5 Things We Learned From Jon Hollings’ Conditioning Workshop

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Jon Holling and Downtown Harrison at Carolina International 2014. Photo by Jenni Autry.

Conditioning is one of those topics that most certainly stirs up a lot of confusion. Whether you’re new to the sport or preparing for a show, knowing a baseline of exactly what you should be doing with your horse in order to reach your fitness goal is crucial.

Throughout Ride iQ’s Conditioning Schedule Workshop, we discussed all things conditioning with Jon Holling, a US 5* event rider. Jon shared an example 6-week conditioning schedule for each level and the discussion included how to adjust based on your specific horse, your circumstances, and your goals.

To get started, here are five key things we learned about conditioning.

You Can Track Your Horse’s Fitness Without a Heart Rate Monitor

The best way to track your horse’s fitness without a heart rate monitor starts by wearing a wristwatch. Go ahead and try this during your next interval day and begin to compare each of your rides throughout the conditioning program.

  • After a trot or canter set, walk for 3 minutes.
  • Then halt..
  • Look at your horse’s nostrils or flank and count their breaths for 15 seconds.
  • Multiply that number by 4. What’s the result?

This is your horse’s respiration rate. Jon generally treats a respiration rate below 80 breaths per minute as an indicator that your horse is ready for their next set. If their respiration rate is above 80 after three minutes of walking, give them a minute or two more to recover before checking again. If their respiration rate then indicates readiness, continue with your next set. If not, call it a day and continue to monitor how they’re reacting to the fitness work.

Six Days Of Riding May Not Always Be Feasible — And That’s Okay!

Let’s face it — we all live busy lives. While Jon’s conditioning templates offer six days of work, this may not always be feasible or realistic for your personal riding schedule.
Ideally, at least five days of riding a week is key, as four days doesn’t allow for the variety and consistency of work needed to prepare for novice level and above.

Jon’s conditioning templates map out 6 days of riding each week: (1) hack, (2) dressage, (3) trot set, (4) jump, (5) dressage, (6) intervals or cross-country school. In the workshop, Jon explained how to choose which days to skip or combine if you’re limited to 5 rides per week. If you’re someone who doesn’t have a full five days, it’s important to get creative here and use your best judgment. If your schedule only allows you to make it to the barn four days a week, maybe you ask a fellow rider at the barn to trail ride your horse on that fifth day to keep them moving.

You can also combine your days as you see fit. For example, you can combine your long walk with the dressage day. A great rule of thumb if you are combining days is to keep your horse’s recovery in mind. Keeping jump days and gallop days with either a rest or hack day in between will ensure your horse get’s enough rest and recovery.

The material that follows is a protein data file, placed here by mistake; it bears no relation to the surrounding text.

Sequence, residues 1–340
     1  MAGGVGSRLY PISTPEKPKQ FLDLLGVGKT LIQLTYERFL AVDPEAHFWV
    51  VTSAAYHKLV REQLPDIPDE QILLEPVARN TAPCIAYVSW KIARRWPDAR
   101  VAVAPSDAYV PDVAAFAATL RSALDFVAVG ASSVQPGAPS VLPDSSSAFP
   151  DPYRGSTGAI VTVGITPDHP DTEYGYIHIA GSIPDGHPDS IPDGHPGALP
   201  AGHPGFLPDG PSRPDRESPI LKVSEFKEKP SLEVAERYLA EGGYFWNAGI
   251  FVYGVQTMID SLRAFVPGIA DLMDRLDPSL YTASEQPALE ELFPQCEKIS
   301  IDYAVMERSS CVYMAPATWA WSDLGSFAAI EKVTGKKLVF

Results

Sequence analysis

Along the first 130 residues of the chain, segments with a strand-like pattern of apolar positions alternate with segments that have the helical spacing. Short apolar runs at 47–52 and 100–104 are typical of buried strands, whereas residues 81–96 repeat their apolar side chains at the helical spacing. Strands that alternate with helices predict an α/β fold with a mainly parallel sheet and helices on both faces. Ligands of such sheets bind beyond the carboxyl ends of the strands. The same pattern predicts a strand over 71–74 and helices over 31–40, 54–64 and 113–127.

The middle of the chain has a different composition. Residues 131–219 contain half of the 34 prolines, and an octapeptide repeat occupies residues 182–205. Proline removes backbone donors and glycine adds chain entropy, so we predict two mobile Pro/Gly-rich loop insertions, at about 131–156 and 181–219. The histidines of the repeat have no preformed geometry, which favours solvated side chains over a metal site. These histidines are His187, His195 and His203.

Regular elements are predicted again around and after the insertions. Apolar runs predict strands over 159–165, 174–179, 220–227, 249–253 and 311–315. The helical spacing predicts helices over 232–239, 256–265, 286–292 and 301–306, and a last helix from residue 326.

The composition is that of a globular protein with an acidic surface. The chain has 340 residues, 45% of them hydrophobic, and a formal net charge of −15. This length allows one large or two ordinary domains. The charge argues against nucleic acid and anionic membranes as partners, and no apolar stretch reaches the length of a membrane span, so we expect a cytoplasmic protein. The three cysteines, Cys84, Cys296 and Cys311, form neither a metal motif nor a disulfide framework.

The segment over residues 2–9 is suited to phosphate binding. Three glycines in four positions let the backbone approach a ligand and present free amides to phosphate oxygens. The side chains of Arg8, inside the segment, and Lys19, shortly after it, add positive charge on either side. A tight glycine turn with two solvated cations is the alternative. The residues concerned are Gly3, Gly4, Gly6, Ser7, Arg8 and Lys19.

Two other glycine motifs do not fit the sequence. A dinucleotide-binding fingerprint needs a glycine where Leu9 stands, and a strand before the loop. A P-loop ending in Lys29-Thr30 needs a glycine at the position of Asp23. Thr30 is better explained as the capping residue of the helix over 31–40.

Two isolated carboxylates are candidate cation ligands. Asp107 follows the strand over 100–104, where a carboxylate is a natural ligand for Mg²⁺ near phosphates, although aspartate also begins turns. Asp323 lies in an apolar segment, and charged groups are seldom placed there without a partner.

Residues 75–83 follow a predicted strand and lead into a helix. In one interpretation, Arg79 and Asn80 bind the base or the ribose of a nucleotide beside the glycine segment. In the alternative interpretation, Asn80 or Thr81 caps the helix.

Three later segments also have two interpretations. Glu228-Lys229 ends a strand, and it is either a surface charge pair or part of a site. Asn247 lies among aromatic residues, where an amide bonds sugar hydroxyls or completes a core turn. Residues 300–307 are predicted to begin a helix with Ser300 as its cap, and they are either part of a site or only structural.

Another rule of thumb Jon suggests: be on your horse for at least 45 minutes each time you ride. That includes a generous walk at the beginning of every ride.

Conditioning in a Field is Great for You and Your Horse

If you’re able to do your fitness work in a field, take advantage of that! Riding in a field gives you the opportunity to work on rideability, improve your strength, and expose your horse to varied footing, which is great for injury prevention.

Jon recommends doing canter sets in your gallop position, which benefits your strength and balance as a rider while your horse improves their fitness, too. A lot of riders will struggle in the gallop with their horses, insisting they become too strong. The best way to improve this is by — you guessed it — practice galloping your horse! Just as you would on course, allowing your horse to come through its shoulder and rocking back onto their hind end encouraging self-carriage will allow you to feel more confident at this gait with your horse.

Even better, riding in a field is great for practicing rideability up and down hills and away from or toward the barn.

If you miss a day or even a week of the program, don’t panic. Backtrack as needed and pay attention to your horse’s fitness.

Switch Up The Footing For Soft Tissue Conditioning

Even if you have a horse who’s already fit, riding on a variation of surfaces is still just as important in order to condition your horse’s soft tissues. Not only does riding in the arena get boring, but it doesn’t allow your horse to adapt to other surfaces you might face at a show.

It’s important to note that any sudden surface changes can be hard on horses, but working in the field can allow the connective and soft tissues to get used to moving, flexing, bending, and using itself. In turn, this will strengthen the soft tissues.

Take Advantage of Your Hack Days

On your hack days, of course, you want your horses to be relaxed, but it’s important to make these days purposeful. For example, Jon has most of his horses to hack in a ‘round and down’ frame and he’s diligent about keeping them at a marching pace. Alternatively, if you have a horse who has a tendency to pace it may be best to keep the horse more in a frame during your hack, but again, still marching and moving forward.

Your hack days are your friend. Use these long walking sessions as an opportunity to reconnect with your horse between training sessions. Allow your horse to stretch and relax, all while maintaining their fitness level.

Want to listen to the full conditioning workshop with Jon Holling and download his 6-week conditioning schedule templates? Start your Ride iQ 2-week free trial to all of that and more at Ride-iQ.com.

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